Commercial Road, London - St Mary and St Michael

Commercial Road, London E1

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A large Gothic Revival church built from designs by William Wardell to serve the East End, and the successor to the eighteenth-century Virginia Street chapel. When first built, it was the largest Catholic church in London (soon overtaken by the Italian church in Clerkenwell). The church contains several historic furnishings, despite war damage and several reordering schemes. Although the intended tower and spire were never completed, the church is a powerful presence in the Commercial Road Conservation Area.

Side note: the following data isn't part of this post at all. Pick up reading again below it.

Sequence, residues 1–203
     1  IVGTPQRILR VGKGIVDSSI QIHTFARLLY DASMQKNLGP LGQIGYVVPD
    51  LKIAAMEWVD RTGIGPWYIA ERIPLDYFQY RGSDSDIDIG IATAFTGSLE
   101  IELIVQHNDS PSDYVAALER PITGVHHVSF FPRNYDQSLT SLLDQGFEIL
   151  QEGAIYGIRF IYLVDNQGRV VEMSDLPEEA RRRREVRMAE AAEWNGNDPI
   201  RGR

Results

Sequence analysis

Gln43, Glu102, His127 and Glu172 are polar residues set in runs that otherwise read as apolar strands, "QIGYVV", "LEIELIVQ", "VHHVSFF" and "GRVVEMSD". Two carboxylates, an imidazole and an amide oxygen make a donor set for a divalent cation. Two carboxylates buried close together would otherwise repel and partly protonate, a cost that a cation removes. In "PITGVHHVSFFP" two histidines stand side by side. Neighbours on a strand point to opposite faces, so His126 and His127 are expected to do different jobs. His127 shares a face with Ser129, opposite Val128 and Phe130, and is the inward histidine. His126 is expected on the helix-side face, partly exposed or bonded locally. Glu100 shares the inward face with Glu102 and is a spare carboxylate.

The parish is the successor to the eighteenth-century Virginia Street chapel, attached to a hospital for foreign sailors. The Catholic chaplain was maintained by the Portuguese ambassador and local Catholics attended the chapel as well. This building was destroyed in the Gordon Riots of 1780 and rebuilt as a plain building. Its lease was to expire in 1857 and fundraising for a new site and building started as early as 1815. In 1842 a freehold site was acquired for £3,000. Ten years later, in 1852 William Wilkinson Wardell (1823-99) prepared drawings and the builders, Messrs Bird, signed the contract. Cardinal Wiseman laid the foundation stone on 24 May 1853 but building work stopped temporarily for lack of funds. The still unfinished building was opened by Cardinal Wiseman on 8 December 1856. The total cost was around £30,000.